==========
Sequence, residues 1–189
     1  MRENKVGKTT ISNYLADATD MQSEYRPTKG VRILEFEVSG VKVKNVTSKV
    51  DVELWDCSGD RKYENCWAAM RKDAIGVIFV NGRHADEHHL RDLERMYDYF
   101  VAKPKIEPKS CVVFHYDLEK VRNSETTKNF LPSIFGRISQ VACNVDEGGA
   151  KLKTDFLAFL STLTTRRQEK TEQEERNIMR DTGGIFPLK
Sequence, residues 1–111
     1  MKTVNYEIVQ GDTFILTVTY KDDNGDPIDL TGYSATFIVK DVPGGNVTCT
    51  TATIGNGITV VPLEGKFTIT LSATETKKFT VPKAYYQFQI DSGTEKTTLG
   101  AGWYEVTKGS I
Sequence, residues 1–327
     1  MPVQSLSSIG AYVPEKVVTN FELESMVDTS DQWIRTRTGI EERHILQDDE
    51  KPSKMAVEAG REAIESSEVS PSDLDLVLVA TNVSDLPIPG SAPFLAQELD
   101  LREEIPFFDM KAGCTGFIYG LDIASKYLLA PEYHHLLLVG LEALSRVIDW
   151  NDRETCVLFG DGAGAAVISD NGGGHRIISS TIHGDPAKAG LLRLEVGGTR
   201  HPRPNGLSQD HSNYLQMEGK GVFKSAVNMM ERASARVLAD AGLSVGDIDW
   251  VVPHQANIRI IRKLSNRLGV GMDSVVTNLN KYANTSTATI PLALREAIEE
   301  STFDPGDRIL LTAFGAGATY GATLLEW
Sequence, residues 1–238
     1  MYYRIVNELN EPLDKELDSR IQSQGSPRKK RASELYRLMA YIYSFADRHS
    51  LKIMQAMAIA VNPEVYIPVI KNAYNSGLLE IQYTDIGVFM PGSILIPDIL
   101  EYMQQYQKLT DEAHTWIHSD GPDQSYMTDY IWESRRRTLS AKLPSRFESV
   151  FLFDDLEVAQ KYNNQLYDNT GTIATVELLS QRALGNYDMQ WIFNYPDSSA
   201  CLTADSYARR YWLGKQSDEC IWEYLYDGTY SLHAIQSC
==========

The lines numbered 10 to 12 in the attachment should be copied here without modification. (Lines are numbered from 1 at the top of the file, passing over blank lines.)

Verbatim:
Sequence, residues 1–327
     1  MPVQSLSSIG AYVPEKVVTN FELESMVDTS DQWIRTRTGI EERHILQDDE
    51  KPSKMAVEAG REAIESSEVS PSDLDLVLVA TNVSDLPIPG SAPFLAQELD